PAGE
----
Established in 1949, the Romanian Press Agency (Agentia Romāna de Presa--Agerpres) operated as a department of the central government under the control of the PCR Central Committee. Agerpress had exclusive rights to the collection and distribution of all news, pictures, and other press items, both domestic and foreign. In the 1980s, Agerpress increasingly concerned itself with reporting official ceremonial (protocol) events and foreign news. For foreign dissemination, it issued the daily Agerpres News of the Day and the weekly Agerpres Information Bulletin. For domestic consumption, Agerpres distributed about 45,000 words of foreign news coverage daily to various newspapers and periodicals and to radio and television broadcasting stations. It also provided articles from Western wire services to government and party officials in classified bulletins. The Agerpres network of press correspondents in foreign countries was largely dismantled after several defections, and in 1989 Agerpres maintained only a few correspondents in the other East European countries.

After 1960, recognizing the importance of radio as a medium for informing the public and molding attitudes, the regime launched a large-scale effort to build broadcasting facilities and manufacture receiving sets. The number of radio receivers increased from 2 million in 1960 to 3.2 million in 1989. Receivers and amplifiers that reached group audiences in public areas were installed throughout the country.

In the 1980s, Romanian radio broadcast three programs on medium wave and FM. Until the mid-1980s, there were also six regional programs, with transmission in Hungarian, German, and Serbo- Croatian. Each week about 200 hours of broadcasts in thirteen languages were beamed to foreign countries by Radio Bucharest.

Since its inception in 1956, television broadcasting has been closely linked with radio as an increasingly important instrument of "propaganda and socialist education of the masses." Like radio, television operated under the supervision of the Council of Romanian Radio and Television, whose policy guidelines were received directly from the party apparatus. Television frequently came under close scrutiny and criticism by the Central Committee and by national congresses on "socialist education." At the June 1982 Central Committee plenum and again in 1984, Ceausescu denounced the "polluting" influence of Western propaganda and its impact on literary, theatrical, film, and artistic broadcasts and stated that radio and television should report current events from a Marxist-Leninist perspective.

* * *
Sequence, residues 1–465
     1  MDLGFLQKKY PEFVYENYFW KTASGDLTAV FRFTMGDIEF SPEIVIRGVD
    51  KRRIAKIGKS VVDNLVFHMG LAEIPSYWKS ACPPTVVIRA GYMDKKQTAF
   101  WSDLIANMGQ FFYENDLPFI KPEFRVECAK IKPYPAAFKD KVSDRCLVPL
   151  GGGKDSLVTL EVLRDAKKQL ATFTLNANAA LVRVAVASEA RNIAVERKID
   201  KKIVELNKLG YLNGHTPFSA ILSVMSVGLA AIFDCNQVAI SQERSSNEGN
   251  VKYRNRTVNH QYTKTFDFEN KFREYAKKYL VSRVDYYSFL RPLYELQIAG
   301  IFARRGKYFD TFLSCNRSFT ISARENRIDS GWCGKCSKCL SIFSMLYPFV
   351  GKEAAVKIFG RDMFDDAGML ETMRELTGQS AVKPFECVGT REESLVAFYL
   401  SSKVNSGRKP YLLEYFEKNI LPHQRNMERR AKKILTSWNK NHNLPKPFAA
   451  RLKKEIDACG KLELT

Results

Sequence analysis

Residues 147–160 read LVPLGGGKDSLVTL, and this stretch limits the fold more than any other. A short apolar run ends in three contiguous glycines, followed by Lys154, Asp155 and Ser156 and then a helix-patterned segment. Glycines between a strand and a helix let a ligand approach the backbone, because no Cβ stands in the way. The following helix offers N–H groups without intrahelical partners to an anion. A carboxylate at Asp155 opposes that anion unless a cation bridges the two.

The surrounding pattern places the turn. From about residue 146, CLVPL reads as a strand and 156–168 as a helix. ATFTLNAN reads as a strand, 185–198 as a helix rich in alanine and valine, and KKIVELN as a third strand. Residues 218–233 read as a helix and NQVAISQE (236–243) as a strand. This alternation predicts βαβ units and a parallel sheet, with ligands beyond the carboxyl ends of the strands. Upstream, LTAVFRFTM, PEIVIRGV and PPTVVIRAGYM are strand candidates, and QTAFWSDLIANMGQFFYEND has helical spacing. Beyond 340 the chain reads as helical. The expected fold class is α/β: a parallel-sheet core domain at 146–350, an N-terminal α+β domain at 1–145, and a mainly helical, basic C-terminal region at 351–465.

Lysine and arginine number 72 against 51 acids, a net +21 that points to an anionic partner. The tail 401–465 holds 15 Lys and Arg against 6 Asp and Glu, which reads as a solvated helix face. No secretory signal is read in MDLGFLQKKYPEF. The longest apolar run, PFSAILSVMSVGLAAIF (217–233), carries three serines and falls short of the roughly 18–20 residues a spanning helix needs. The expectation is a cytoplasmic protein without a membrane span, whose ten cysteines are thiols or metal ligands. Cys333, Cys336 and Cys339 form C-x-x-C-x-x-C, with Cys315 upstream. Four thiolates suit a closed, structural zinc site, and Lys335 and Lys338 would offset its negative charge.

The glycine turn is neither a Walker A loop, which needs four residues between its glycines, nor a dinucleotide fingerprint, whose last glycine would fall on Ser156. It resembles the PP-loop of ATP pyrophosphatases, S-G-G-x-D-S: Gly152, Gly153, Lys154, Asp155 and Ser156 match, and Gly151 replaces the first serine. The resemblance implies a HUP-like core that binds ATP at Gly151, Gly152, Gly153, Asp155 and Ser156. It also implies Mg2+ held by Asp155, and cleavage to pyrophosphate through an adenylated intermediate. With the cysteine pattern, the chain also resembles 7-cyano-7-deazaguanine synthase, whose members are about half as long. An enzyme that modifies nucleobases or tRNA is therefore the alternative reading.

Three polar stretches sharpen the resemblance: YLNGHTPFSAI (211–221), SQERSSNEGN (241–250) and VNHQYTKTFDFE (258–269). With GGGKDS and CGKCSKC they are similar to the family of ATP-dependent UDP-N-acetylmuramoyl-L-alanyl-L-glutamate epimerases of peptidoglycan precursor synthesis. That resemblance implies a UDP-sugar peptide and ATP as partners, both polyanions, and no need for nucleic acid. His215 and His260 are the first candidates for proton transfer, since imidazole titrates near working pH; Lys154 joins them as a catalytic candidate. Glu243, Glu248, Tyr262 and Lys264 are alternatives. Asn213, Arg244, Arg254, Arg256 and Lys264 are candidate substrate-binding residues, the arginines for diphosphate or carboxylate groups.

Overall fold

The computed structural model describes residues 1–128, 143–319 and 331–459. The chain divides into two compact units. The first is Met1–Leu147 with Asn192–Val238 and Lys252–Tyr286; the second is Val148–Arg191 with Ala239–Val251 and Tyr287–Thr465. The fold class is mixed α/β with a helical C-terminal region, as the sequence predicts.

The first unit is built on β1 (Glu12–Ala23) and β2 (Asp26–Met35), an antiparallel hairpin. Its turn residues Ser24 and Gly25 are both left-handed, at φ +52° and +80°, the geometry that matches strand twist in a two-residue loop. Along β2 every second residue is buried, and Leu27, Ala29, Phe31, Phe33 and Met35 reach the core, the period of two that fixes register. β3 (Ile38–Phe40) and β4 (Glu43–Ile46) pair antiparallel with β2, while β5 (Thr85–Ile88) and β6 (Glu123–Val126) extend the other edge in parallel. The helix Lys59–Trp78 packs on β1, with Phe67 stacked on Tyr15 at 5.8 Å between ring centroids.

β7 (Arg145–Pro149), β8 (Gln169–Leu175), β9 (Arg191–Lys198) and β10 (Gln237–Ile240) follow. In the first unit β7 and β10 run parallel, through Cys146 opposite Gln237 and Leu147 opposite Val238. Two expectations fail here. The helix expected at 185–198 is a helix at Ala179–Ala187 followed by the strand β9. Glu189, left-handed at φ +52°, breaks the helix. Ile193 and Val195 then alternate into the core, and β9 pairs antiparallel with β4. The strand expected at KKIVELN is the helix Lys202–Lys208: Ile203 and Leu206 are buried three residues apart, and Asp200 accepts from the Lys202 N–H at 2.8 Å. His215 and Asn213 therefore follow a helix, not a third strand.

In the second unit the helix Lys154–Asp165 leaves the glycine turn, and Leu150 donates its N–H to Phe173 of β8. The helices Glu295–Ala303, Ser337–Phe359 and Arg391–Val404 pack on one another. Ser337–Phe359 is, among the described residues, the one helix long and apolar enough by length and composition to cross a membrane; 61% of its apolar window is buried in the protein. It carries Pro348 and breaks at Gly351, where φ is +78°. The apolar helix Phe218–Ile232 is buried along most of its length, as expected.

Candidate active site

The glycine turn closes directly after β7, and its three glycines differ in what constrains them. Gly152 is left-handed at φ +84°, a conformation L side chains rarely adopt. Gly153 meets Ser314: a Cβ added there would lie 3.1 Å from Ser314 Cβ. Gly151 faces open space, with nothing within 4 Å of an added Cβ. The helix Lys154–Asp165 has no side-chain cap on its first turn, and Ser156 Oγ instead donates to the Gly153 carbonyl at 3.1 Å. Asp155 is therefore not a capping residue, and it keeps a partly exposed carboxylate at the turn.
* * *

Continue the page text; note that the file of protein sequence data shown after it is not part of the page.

In 1989 there were approximately 3.9 million television sets in Romania. Following the energy crisis of 1984, the two TV channels were merged and broadcasting was reduced from 100 to 22 hours per week. Programs in Hungarian and German were dropped. Because of these cutbacks and the greater ideological content of the broadcasts, the number of viewers actually declined, and some citizens resorted to building their own antennae to receive Bulgarian and Soviet programs.

Before World War II, Romania was one of the leading book- publishing nations in southeastern Europe. But after 1948, the new communist regime nationalized all publishing facilities and made the publishing industry a propaganda and indoctrination instrument. From 1955 to 1966 the number of titles gradually increased, reaching a plateau of about 9,000. In the following decades, however, book publishing declined dramatically, and in 1985 only 3,063 titles were published--about one-third as many as during the 1960s. Not only the number, but also the variety of books published during the 1970s and 1980s was reduced. By far the largest number of titles credited to a single author was attributed to Ceausescu, whose writings were published in Romanian and in foreign languages in large printings.

The Council for Socialist Culture and Education controlled all printing and publishing activities. It formulated policy guidelines for the publishing industry and used other government agencies, the various publishing houses, and book distribution centers to supervise and coordinate day-to-day operations. The council allocated paper, determined the number of books to be printed, and set the sale prices of publications. The number of publishing houses declined from about twenty-five in the early 1970s to eighteen in the late 1980s.

Film production, distribution, and exhibition also operated under the supervision of the Council for Socialist Culture and Education. There were two production studios--one in Bucharest that produced documentaries, newsreels, cartoons, and puppet films, and another in Buftea (near Bucharest) that made feature films.

Until the late 1960s, Romanian films reflected a strong French influence. Both the native and co-produced pictures of this period were of high quality, and several won awards at international film festivals. In later years, however, the regime repressed artistic expression in the film industry, and as a result, fewer and lower- quality films were made. In 1985 only twenty-six films were produced. Furthermore, according to UNESCO statistics, fewer foreign films were allowed into the country. Whereas in 1968 Romania imported 188 feature films, in 1984 the number declined to 72. Also noteworthy is that in 1968 approximately 40 percent of imported films came from the Soviet Union, while 60 percent were from the West, Czechoslovakia, and the German Democratic Republic (East Germany), but in 1985 no films were imported from the West nor from any hard-currency country.

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Source: U.S. Library of Congress